Alabama Rap’s New Vanguard Is Changing the Sound of Hip-Hop
“I don’t advise nobody to come here,” the Mobile, Alabama, rapper NoCap says of his hometown. “We ain’t got no big malls. We ain’t got li’l fun stuff to do. We got to go out of town to have fun.”
Rylo Rodriguez, a peer in Alabama’s burgeoning hip-hop scene, has a different take: “It’s hard,” Rylo says of his childhood in Mobile’s Roger Williams projects, “but I wouldn’t want to be from nowhere else.”
NoCap and Rylo are at the center of one of the most exciting scenes in America, coming out of a city with fewer than 200,000 people, 20 percent of whom live below the poverty line. In raw, guttural, and urgent voices, they and peers including OMB Peezy and Flo Milli spin distinct stories about looming court dates, claustrophobic project buildings, or histories of violence — and, often, about the glory of stunting on one’s haters.
Sometimes the hits see regional success, heightened with Auto-Tuned melodies and dripping with emotional stakes (Rylo’s “Project Baby” and NoCap’s “Ghetto Angels”). At other times, hard-hitting records break through on TikTok (for the paramount example, see Flo Milli’s “Beef FloMix”). What unites the disparate movement is often an intense need to make good in a place not known for minting stars. “No one would ever know that I was actually a very depressed girl when I wrote that song,” Flo Milli told Rolling Stone last year about her breakout hit. “I didn’t have a job. I was out of school. I didn’t have a car. I was stuck at home. I put on the beat and started smoking and I just said some shit. I kept laughing after [each line].”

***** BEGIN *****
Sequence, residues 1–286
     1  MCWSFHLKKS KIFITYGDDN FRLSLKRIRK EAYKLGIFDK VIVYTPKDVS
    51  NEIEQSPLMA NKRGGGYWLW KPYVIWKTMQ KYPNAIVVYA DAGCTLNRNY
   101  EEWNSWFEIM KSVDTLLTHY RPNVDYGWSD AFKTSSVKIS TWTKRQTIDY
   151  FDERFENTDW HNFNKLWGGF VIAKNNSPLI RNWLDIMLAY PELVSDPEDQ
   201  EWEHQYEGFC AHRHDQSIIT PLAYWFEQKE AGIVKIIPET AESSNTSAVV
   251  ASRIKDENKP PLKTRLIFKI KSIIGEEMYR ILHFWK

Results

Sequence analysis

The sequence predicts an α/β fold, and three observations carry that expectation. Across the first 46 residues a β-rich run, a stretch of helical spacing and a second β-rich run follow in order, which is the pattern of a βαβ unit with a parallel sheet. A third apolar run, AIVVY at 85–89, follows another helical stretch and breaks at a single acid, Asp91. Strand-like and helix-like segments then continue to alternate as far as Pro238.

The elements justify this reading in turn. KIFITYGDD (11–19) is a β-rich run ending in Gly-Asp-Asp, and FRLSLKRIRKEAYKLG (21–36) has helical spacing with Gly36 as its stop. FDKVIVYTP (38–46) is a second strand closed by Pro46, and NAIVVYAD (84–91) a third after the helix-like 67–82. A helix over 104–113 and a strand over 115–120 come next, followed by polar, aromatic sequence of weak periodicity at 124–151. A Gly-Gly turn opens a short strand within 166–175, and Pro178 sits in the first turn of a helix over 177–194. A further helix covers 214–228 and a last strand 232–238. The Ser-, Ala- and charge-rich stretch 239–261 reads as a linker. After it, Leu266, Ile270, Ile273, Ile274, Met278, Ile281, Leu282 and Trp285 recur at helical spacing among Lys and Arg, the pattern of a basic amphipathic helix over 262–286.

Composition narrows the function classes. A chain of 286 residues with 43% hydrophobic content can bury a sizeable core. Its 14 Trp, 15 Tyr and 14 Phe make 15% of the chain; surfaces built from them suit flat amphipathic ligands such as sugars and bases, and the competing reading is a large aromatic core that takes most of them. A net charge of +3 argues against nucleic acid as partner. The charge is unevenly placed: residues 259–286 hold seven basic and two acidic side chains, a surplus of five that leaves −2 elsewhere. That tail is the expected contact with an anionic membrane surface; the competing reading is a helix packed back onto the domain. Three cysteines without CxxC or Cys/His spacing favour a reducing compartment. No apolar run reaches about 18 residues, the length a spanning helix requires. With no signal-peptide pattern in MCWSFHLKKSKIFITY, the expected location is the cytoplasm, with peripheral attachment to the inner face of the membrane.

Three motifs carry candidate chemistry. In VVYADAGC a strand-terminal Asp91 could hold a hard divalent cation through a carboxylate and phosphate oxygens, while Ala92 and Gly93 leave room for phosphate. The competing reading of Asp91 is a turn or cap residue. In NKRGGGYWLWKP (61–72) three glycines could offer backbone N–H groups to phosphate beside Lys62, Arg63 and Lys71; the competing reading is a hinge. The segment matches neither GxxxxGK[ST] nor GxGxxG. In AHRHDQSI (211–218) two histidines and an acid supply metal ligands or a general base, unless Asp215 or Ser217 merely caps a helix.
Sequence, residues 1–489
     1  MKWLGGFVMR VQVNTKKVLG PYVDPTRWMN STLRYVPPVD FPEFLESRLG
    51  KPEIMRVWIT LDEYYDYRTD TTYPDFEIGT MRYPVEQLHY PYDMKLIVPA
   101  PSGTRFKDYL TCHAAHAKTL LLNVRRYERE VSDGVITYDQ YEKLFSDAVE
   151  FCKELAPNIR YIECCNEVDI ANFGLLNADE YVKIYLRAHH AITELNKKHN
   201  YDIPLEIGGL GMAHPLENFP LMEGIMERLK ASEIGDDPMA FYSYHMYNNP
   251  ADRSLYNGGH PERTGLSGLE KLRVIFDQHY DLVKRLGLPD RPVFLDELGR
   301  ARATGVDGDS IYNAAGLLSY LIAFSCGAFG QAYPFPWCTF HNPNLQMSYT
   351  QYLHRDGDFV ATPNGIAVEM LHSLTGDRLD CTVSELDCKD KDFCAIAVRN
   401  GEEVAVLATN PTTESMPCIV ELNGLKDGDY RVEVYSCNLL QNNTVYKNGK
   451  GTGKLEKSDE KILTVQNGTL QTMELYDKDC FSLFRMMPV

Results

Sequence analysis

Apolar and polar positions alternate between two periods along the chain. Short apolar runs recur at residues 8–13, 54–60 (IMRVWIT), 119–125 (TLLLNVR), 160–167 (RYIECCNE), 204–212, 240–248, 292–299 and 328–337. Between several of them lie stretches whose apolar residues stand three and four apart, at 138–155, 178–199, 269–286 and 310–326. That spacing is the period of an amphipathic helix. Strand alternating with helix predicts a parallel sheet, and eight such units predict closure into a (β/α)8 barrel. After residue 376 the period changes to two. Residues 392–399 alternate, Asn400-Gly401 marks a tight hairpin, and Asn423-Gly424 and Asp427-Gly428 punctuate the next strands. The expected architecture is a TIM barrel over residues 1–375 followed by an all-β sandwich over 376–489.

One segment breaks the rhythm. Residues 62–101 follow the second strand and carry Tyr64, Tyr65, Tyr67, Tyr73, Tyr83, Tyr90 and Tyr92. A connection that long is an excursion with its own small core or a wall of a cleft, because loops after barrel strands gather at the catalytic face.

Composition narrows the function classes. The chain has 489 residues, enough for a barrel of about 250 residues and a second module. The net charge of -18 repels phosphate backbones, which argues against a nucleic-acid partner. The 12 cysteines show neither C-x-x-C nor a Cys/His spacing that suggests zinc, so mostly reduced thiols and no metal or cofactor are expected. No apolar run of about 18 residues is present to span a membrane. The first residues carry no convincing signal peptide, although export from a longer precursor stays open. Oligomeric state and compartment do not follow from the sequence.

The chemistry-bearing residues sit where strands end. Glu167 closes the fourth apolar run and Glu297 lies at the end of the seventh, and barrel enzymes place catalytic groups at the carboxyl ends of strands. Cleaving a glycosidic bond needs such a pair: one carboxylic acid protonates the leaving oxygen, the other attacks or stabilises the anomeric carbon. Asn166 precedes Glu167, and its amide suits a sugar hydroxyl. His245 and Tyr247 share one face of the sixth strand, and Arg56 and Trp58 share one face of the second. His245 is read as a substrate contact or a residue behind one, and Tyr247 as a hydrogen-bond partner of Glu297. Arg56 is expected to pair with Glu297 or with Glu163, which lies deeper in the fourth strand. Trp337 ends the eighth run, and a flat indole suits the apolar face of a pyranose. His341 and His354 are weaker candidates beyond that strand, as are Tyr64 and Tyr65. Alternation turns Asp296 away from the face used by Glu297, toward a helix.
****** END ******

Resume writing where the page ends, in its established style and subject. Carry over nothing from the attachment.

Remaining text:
Mobile is about 300 miles from Atlanta, America’s longtime hip-hop capital, and its sound often resembles its big-city neighbor’s, with a thicker Southern accent. “If a rapper’s trying to come up, they’ll drive to Atlanta for the culture and the music business,” says OMB Peezy. “We really be feeding off each other. We steal a little sauce from them.” Even with social distancing, some have found ways in and out of town. “It ain’t nothing but a four-hour-and-30-minute drive,” says Rylo, who has traveled back and forth to Atlanta to record.
Musically, Rodriguez has become the right-hand man to Lil Baby, the crown prince of Atlanta rap, on songs like “Forget That” and “No Friends,” all the while racking up streaming numbers that belie the fact that he’s yet to release a full-length album. As for NoCap, despite his recent spate of success, he still emphasizes the downsides of trying to launch a career from Mobile. “We in the country,” he says. “When you here, you ain’t nobody. We really like a throwaway city. [The rest of the country] ain’t worried about what Mobile doing with the coronavirus.”
Still, he’s looking for a hopeful note. “I need to step up my damn self,” NoCap adds. “I got a voice now. I got a voice that I don’t use — a voice that I gotta start using.”
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